North Dakotans between ages 20-39 accounted for exactly half of the state’s active COVID-19 cases on Tuesday, June 30.
The 302 active cases confirmed by the North Dakota Department of Health (NDDoH) included 94 individuals in their 20s and 57 individuals in their 30s. The remaining 151 active cases included 31 individuals among ages 0-19 and 120 individuals among ages 40 and older.
Healthcare leaders continue urging the population to follow recommended safety guidelines. Dr. Robert Redfield of the U.S. Centers for Disease Control and Prevention (CDC) testified Tuesday before the U.S. Senate Health, Education, Labor and Pensions Committee.
“We have powerful tools at our disposal: social distancing, wear a face cover in public and be diligent about frequent hand washing,” Redfield said. “It’s imperative that we take the personal responsibility to slow the transmission of COVID-19 and embrace the universal use of face coverings.”
Redfield said he was specifically addressing “the younger members of our society, the millennials and the generation Zs.”
NDDoH’s June 30 report confirmed 830 COVID-19 cases to date among North Dakota individuals in their 20s and 846 cases to date among individuals in their 30s. As of June 30, no individual under age 40 has died from COVID-19. North Dakota’s 79 deaths to date have included 49 individuals age 80 and older.
“Redfield said evidence shows that the increase in cases in some U.S. states are driven by many factors,” CNN reported. “(They include) increased testing, community transmission and outbreaks in the settings such as nursing homes and occupational settings.”
Richland County, North Dakota, was down to one active local COVID-19 case Tuesday. Public Health Administrator Michelle Eberhardt has been following the pandemic’s progress and the population’s attitude toward recommended guidelines.
“It really comes down to this: if you’re going to have a family reunion, a bridal party, a bachelor party or anything with a bunch of people, you really have to look forward to a month from now,” Eberhardt said. “If I have this, can I possibly miss something that’s scheduled in the next 4-6 weeks? You have to consider the risk-benefit ratio for yourself.”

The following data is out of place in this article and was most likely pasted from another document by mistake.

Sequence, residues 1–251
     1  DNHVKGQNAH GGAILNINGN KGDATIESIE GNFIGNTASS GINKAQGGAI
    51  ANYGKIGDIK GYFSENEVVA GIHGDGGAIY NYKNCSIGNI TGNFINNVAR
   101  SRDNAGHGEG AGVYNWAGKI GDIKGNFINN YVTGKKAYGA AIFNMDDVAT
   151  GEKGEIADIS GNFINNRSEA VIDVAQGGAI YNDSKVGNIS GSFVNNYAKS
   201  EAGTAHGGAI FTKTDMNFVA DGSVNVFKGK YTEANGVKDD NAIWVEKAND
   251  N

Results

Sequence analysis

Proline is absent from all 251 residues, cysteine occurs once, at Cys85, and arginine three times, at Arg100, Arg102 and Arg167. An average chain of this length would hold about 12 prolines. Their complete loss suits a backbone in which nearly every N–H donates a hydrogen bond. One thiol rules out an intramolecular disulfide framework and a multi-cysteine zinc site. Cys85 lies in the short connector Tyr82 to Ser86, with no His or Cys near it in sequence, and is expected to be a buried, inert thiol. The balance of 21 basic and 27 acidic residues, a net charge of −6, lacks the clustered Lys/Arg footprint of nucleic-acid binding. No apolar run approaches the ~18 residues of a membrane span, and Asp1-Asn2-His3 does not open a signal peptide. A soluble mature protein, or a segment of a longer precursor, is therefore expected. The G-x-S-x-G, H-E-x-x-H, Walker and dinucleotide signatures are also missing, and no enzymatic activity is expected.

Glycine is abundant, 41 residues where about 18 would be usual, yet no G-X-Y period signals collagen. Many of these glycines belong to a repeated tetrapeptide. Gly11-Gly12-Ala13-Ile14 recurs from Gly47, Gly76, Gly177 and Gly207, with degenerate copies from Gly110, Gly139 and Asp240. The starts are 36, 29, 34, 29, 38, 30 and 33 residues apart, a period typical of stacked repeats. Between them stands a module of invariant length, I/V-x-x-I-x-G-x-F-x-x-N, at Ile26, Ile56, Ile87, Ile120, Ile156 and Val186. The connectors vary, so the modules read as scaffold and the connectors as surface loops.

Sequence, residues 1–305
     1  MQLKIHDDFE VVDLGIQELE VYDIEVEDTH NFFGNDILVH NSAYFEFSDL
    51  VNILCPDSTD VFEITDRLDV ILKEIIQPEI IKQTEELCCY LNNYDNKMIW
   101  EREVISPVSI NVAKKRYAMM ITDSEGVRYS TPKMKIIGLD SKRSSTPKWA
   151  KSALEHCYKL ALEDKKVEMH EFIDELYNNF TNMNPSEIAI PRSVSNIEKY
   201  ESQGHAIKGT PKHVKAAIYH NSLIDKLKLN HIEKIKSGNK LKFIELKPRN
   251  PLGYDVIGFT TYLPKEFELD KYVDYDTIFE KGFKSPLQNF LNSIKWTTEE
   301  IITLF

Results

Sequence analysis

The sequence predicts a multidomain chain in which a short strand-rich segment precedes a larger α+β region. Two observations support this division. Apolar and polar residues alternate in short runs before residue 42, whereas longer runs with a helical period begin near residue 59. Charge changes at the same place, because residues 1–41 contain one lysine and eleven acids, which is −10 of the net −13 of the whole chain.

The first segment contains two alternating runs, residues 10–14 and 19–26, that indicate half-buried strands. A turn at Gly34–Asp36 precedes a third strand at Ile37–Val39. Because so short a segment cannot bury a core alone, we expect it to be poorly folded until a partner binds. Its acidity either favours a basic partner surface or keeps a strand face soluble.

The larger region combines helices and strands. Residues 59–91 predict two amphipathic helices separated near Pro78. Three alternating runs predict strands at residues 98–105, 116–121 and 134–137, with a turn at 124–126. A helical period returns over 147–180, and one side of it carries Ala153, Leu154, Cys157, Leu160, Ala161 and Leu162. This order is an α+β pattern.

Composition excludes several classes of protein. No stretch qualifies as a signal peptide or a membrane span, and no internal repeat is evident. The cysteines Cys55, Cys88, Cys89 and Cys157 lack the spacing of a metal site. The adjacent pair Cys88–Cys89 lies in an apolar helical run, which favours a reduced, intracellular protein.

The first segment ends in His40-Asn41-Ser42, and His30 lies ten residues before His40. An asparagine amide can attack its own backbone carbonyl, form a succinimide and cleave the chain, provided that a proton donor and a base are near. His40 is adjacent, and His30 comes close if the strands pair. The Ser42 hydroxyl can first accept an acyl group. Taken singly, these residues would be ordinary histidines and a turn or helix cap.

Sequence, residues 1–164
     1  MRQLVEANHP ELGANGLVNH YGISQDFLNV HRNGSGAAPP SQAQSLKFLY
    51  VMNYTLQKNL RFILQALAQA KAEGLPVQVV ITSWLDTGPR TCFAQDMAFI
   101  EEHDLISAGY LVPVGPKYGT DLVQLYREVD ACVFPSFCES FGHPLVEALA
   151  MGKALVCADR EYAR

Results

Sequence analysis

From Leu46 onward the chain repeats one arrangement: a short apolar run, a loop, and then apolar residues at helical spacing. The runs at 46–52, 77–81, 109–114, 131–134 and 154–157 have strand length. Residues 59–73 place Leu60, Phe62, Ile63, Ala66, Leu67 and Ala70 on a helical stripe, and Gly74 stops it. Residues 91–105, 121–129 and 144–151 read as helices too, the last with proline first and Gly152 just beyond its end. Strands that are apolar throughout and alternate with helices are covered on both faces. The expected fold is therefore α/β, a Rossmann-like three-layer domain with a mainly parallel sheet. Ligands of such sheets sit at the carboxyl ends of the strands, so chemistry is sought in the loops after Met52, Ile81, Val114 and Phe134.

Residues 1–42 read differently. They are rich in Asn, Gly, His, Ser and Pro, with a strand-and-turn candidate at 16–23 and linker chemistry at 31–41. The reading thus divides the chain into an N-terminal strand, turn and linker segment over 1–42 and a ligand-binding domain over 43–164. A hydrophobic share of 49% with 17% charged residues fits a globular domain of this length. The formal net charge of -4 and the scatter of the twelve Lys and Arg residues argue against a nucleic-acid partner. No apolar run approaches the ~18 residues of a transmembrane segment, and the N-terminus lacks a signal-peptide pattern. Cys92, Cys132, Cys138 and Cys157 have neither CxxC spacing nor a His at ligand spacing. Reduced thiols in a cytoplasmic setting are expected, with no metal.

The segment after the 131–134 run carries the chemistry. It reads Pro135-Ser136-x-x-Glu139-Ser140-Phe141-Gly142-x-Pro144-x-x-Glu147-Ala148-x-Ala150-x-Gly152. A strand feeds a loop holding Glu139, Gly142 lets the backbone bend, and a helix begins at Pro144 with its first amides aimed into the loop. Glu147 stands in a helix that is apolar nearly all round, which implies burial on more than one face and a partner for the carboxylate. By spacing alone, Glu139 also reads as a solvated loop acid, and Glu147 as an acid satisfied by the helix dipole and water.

In general, the CDC stated, the more closely someone interacts with others and the longer they have an interaction, the higher the risk is of spreading COVID-19.
“Interacting with more people raises your risk. Being in a group with people who aren’t social distancing or wearing cloth face coverings increases your risk,” the CDC continued.
Some people don’t like face masks, Eberhardt said. She understands this.
“But would you rather put on a mask or stay home for the next month?” Eberhardt asked. “It’s so easy to do.”
Dr. Anthony Fauci also testified Tuesday, saying the number of new COVID-19 cases nationwide could reach 100,000 a day if America does not contain a present increase of cases.
“We’ve got to make sure that when states try and open again, they need to follow the guidelines that have been carefully laid out with regard to checkpoints,” Fauci said. “What we’ve seen in several states are different iterations of that, perhaps maybe in some going too quickly and skipping over some of the checkpoints.”
Public health officials do not want to prevent anyone from enjoying activities, Eberhardt said. It’s possible for Twin Towns Area residents to come out for Fourth of July events or hold gatherings at home. But there’s responsibility involved.
“Face masks should be worn with the understanding that they’re more about protecting others before you,” she said. “That still doesn’t take the place of remembering to wash your hands, remembering to follow social distancing and remembering that if you don’t feel good, stay home. We’ve just got to keep on being careful and being aware.”
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For information on current COVID-19 cases in North Dakota, results by county and more, visit www.health.nd.gov/coronavirus.